We're pleased to partner with Book Culture and Seminary Coop Bookstores to welcome Grégoire Halbout to our At Home with Literati Series in support of Hollywood Screwball Comedy 1934-1945. He will be joined in conversation by A.S. Hamrah.
Click here to register for the webinar event on 3/9.
Note: we are now hosting on Zoom webinars. You will be prompted to enter a first name and email upon joining. You may then see a window reading "waiting for host to start webinar," but sit tight--you will be admitted as soon as we begin broadcasting live! You will be able to submit questions using the Q&A feature.
About the book: Love at first sight, whirlwind marriages, break-ups, divorces, remarriage... What accounts for the enduring success of the Hollywood madcap comedies of the 1930s?
Directed by masters of comedy (Hawks, LaCava, Leisen, Ruggles...) and featuring the decade's most iconic stars (Colbert, Dunne, Grant, Hepburn...), these films set romantic comedy standards for decades to come. Screwball comedy embarked on two challenging missions: to poke fun at established social norms and to undermine stereotypical depictions of gender roles, putting forward a discourse that postulated the possibility of equality between men and women.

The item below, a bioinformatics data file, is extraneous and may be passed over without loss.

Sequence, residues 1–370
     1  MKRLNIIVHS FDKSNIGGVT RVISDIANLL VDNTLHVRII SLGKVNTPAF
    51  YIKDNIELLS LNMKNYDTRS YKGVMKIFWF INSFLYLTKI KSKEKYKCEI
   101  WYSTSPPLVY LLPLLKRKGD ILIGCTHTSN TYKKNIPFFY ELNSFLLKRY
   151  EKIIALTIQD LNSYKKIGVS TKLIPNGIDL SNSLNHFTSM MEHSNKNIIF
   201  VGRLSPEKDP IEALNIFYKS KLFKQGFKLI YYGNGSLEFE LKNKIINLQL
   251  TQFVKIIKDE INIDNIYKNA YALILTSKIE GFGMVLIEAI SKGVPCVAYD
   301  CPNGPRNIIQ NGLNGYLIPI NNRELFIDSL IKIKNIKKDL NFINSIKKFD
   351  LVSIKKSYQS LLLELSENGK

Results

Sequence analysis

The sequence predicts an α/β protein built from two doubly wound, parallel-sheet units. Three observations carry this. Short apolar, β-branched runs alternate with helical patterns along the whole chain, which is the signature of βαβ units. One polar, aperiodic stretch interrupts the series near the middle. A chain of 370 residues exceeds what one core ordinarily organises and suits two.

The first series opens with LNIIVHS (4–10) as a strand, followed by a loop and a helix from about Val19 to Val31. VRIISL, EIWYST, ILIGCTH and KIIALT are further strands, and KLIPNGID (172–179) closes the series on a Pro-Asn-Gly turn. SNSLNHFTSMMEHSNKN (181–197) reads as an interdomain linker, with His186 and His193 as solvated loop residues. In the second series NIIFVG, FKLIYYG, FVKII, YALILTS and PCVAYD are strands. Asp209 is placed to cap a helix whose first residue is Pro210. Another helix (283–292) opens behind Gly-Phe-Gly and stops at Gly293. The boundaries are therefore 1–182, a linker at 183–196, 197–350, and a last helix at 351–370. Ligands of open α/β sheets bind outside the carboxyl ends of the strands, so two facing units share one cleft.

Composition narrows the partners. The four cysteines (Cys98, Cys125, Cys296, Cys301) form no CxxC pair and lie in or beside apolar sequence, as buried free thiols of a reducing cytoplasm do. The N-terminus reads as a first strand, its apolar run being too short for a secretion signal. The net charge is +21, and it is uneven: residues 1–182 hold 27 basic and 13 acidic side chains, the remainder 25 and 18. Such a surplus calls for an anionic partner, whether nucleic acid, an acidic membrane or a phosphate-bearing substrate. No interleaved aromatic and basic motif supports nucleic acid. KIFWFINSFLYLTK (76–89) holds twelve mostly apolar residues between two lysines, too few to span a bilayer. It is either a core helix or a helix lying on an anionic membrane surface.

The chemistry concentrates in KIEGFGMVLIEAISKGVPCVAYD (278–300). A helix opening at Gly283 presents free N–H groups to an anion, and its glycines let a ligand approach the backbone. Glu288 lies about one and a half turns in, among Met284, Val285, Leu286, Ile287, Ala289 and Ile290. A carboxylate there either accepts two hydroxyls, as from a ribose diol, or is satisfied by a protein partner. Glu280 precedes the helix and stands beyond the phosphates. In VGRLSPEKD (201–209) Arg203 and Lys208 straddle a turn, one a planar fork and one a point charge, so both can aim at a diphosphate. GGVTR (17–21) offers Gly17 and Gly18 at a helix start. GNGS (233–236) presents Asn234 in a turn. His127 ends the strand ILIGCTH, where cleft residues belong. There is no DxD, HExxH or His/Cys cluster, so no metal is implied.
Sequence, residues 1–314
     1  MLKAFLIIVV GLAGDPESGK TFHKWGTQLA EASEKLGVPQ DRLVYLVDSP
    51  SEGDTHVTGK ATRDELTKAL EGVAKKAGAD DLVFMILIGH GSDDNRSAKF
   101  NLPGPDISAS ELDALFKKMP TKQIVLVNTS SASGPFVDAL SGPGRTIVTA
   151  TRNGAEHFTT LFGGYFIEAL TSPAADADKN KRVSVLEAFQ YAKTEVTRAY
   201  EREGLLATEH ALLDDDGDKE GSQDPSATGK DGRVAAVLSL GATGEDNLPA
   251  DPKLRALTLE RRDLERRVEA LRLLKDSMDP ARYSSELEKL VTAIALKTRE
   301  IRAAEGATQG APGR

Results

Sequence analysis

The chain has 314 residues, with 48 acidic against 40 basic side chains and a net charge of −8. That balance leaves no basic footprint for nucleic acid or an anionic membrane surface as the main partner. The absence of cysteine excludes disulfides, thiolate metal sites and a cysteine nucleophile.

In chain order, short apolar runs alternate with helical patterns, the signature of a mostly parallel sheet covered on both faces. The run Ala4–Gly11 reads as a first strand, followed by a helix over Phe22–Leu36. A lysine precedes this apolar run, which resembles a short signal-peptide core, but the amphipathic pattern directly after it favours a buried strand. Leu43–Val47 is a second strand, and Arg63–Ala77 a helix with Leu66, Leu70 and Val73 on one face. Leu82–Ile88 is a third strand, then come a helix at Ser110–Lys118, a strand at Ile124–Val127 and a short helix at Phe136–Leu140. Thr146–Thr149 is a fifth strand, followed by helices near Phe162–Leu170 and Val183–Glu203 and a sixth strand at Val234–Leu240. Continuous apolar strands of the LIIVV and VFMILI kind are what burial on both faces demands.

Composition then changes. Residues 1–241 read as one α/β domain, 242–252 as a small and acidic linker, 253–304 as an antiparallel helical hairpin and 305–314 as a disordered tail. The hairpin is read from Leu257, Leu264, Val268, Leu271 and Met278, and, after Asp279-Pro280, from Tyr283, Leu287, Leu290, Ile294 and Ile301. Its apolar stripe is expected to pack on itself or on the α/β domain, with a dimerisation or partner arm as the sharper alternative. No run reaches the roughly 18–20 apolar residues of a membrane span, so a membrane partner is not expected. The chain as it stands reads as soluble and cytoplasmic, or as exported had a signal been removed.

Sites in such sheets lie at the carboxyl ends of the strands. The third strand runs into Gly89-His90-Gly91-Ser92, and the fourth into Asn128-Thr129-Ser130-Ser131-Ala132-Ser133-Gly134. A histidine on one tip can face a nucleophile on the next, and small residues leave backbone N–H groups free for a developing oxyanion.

Grégoire Halbout's reexamination of screwball comedy provides a comprehensive overview of this (sub)genre, eschewing the auteurist approach and including "minor" works never before analyzed through the screwball lens. His book explains how these screwball stories met the expectations of a booming American middle class eager for the liberalization of morals, with daring plots, verbal humor and slapstick techniques.
Building on the work of Cavell, Altman and Gehring, as well as international and French scholarship, Halbout's investigation unfolds in three parts. He first establishes a definition of Hollywood screwball comedy through a cross-sectional analysis of its socio-historical context and an in-depth examination of the genre. He then situates screwball comedy in relation to its institutional context. An exclusive study of archival material explains the emergence of a screwball aesthetic meant to subvert the prohibitions of the 1934 Hollywood Production Code through a verbal and visual rhetoric of diversion and mitigation. Finally, Halbout explores the social function of the genre's placement of romantic intimacy at the center of the public sphere and the democratic debate, confirming that screwball eccentricity upholds America's founding values: freedom of speech, free consent, and contractual engagement.
Grégoire Halbout is Associate Professor of English and Cinema at the University of Tours, France. He writes in French and English about Hollywood comedy and the social function of cultural industries, as well as gender and sexuality in contemporary film and television.
A. S. Hamrah was n+1's film critic from 2008 to 2019, and was the editor of the magazine's film review supplement. He has worked as a movie theater projectionist, a semiotic brand analyst, a political pollster, a football cinematographer, a zine writer, and for the film director Raúl Ruiz. He lives in New York.